Information for Parents & Families
Warning Signs of Hazing
Your student may or may not feel comfortable expressing concern directly to you if being hazed. Here are some key things to look for that might help you identify whether or not your student may be experiencing hazing:
- Sudden change in behavior or attitude after joining the organization or team
- Wanting to leave the organization or team with no real explanation
- Sudden decrease in communication with friends and family
- Physical or psychological exhaustion
- Unexplained weight loss
- Unexplained injuries or illness
- Change in sleeping or eating habits
- Withdrawal from normal activities
- Expressed feeling of sadness or feeling of worthlessness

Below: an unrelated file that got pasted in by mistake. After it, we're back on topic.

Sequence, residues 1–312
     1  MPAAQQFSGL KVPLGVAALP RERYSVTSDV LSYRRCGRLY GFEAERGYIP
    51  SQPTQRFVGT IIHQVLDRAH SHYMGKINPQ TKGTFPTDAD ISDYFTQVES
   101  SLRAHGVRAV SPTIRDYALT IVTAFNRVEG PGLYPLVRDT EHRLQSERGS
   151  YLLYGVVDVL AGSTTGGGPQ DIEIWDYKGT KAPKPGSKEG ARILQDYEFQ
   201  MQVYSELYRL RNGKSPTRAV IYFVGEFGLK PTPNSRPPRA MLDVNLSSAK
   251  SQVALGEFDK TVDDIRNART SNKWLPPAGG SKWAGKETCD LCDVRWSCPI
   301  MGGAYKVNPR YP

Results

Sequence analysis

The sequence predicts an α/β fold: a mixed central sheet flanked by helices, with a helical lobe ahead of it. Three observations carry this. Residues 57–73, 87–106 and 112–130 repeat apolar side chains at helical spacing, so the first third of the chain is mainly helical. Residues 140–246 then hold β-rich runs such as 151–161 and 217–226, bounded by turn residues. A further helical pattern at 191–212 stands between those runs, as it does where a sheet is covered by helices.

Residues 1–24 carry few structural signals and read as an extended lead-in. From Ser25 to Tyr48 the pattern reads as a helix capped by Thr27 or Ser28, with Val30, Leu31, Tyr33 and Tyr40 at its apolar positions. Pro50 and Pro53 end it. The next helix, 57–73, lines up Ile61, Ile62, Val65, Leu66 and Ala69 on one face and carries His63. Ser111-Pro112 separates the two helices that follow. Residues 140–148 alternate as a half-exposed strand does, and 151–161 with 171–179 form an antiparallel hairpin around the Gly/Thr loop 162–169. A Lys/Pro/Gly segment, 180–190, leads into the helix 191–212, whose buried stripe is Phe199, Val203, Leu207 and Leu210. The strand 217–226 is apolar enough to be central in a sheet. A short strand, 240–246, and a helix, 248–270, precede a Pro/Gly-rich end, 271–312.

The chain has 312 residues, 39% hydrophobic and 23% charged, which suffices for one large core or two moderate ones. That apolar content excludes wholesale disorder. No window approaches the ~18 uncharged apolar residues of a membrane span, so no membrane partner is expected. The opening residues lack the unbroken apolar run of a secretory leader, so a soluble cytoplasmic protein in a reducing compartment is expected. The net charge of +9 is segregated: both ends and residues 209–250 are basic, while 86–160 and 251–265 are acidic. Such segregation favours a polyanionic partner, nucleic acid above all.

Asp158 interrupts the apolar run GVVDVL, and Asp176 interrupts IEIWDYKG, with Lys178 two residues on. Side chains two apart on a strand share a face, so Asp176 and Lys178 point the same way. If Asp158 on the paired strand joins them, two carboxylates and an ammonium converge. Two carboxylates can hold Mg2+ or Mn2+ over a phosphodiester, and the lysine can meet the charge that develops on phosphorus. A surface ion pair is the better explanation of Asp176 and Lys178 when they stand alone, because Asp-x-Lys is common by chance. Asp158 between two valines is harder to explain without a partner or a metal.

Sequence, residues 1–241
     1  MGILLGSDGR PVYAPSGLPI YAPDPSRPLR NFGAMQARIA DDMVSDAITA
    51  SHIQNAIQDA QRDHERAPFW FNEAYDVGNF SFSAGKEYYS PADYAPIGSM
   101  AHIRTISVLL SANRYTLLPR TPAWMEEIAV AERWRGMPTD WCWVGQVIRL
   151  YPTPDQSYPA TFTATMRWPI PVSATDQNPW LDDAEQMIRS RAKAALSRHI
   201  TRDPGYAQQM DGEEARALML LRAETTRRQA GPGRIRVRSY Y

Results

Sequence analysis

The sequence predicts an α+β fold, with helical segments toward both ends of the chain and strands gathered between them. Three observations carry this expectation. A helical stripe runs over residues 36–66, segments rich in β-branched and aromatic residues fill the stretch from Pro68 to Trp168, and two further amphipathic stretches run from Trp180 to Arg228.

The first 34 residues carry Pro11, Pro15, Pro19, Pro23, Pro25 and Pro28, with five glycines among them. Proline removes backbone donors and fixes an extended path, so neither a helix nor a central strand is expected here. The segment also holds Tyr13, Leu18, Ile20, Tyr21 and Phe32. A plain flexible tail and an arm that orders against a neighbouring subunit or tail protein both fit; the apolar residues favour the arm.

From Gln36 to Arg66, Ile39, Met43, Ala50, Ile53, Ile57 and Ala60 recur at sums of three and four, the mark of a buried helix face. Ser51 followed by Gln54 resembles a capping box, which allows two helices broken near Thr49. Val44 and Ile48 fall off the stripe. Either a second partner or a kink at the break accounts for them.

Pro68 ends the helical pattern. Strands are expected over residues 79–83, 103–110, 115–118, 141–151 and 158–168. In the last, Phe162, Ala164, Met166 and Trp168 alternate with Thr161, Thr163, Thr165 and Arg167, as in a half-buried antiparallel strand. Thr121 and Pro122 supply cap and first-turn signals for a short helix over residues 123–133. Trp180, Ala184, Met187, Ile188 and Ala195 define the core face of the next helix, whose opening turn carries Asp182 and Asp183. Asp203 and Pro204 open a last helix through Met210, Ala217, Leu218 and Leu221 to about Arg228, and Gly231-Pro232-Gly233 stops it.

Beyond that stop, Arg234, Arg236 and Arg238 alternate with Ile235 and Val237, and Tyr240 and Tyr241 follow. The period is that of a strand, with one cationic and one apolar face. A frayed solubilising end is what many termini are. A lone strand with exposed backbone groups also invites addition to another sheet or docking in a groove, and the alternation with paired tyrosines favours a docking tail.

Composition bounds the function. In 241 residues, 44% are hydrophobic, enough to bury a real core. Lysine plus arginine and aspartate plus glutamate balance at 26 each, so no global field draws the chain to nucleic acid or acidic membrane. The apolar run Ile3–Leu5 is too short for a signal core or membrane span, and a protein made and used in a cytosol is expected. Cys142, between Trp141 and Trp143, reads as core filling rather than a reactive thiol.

- Increase in secrecy and unwillingness to share details
Talk To Your Student About Hazing
It’s important to take a proactive role in fighting hazing. Each year, hundreds if not thousands of students are involved in hazing. What some consider “tradition” or “paying your dues” can turn into a truly dangerous event. Simply put, hazing’s potential for harm – both physical and psychological – is tremendous. Please join schools across the country in taking a proactive stance against hazing by talking to your student about hazing as they become involved in student organizations and teams.
Questions to ask your student before he or she joins an organization or team:
- What do you think you want to be involved in at school?
- Do you know what hazing is?
- How can you stand up or say no if it occurs?
- What are resources online and at school you can utilize if you are hazed?
- Do you know how to report hazing?
Questions to ask after involvement begins:
- What organizations or teams are you involved in?
- How much time are you spending on the organization or team?
- What kinds of activities are involved in joining this group or team? Are you comfortable with all of these?
- Is alcohol involved in any of these activities?
- Have you met the organization’s advisor or coach?